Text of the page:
The philosophical sections of the Vedic hymns are intended to enable one to distinguish the Supreme Lord from māyā. After one understands the position of māyā, he can approach the Supreme Lord in pure devotional service. That is the actual purpose of philosophical speculation, and this is confirmed in Bhagavad-gītā:
- bahūnāṁ janmanām ante
- jñānavān māṁ prapadyate
- vāsudevaḥ sarvam iti
- sa mahātmā sudurlabhaḥ
"After many births and deaths, he who is actually in knowledge surrenders unto Me, knowing Me to be the cause of all causes and all that is. Such a great soul is very rare." (BG 7.19)
It can thus be seen that all Vedic rituals and different types of worship and philosophical speculation ultimately aim at Kṛṣṇa.
Caitanya Mahāprabhu then told Sanātana Gosvāmī about Kṛṣṇa's multiforms and His unlimited opulence. He also described the nature of the spiritual manifestation, the material manifestation, and the manifestation of the living entity. He also informed Sanātana Gosvāmī that the planets in the spiritual sky, known as Vaikuṇṭhas, and the universes of the material manifestation are actually different types of manifestations, for they are the created manifestations of two different types of energy—the material and the spiritual energy. As far as Kṛṣṇa Himself is concerned, He is directly situated in His spiritual energy, or specifically in His internal potency. To help us understand the difference between the spiritual and material energies, there is a clear analysis of the two in the Second Canto of Śrīmad-Bhāgavatam. Śrīdhara Svāmī also gives a clear analytical study in his commentary on the first verse of the Tenth Canto of Śrīmad-Bhāgavatam. Śrīdhara Svāmī was accepted by Lord Caitanya as an authorized commentator on Śrīmad-Bhāgavatam, and Caitanya Mahāprabhu quoted his writings and explained that in the Tenth Canto of Bhāgavatam the life and activities of Kṛṣṇa are described because Kṛṣṇa is the shelter of all manifestations. Knowing this, Śrīdhara Svāmī worshiped and offered his obeisances unto Kṛṣṇa as the shelter of everything.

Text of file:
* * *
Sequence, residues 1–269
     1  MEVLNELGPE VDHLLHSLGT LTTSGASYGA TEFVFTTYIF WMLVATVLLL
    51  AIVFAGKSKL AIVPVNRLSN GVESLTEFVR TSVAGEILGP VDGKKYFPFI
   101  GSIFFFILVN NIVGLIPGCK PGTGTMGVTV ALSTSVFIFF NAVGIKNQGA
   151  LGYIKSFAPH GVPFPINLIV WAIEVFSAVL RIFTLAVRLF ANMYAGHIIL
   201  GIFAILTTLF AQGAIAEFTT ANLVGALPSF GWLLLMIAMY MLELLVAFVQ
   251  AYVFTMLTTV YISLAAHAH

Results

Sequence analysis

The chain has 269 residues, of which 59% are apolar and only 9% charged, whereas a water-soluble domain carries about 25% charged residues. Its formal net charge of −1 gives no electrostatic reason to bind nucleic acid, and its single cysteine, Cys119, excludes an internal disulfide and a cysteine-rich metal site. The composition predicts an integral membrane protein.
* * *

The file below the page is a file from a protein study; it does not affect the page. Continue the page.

In this world there are two principles operating: One principle is the origin or shelter of everything, and the other principle is deduced from this original principle. The Supreme Truth is the shelter of all manifestations and is called āśraya. All other principles, which remain under the control of the āśraya-tattva, or the Absolute Truth, are called āśrita, or subordinate corollaries and reactions. The purpose of the material manifestation is to give the conditioned soul a chance to attain liberation and return to the āśraya-tattva, or the Absolute Truth. Since everything in the cosmic creation is dependent on the āśraya-tattva—the creative manifestation or Viṣṇu manifestation—the various demigods an? manifestations of energy, the living entities and all material elements are dependent on Kṛṣṇa, for Kṛṣṇa is the Supreme Truth. Thus Śrīmad-Bhāgavatam indicates that everything is sheltered by Kṛṣṇa directly and indirectly. Consequently perfect knowledge can be had only by an analytical study of Kṛṣṇa, as confirmed by Bhagavad-gītā.
Lord Caitanya then described the different features of Kṛṣṇa and requested that Sanātana Gosvāmī listen attentively. He then informed him that Kṛṣṇa, the son of Nanda Mahārāja, is the Absolute Supreme Truth, the cause of all causes and the origin of all emanations and incarnations. Yet in Vraja, or Goloka Vṛndāvana, He is just like a young boy and is the son of Nanda Mahārāja. His form, however, is eternal, full of bliss, and full of knowledge absolute. He is both the shelter of everything and the proprietor as well.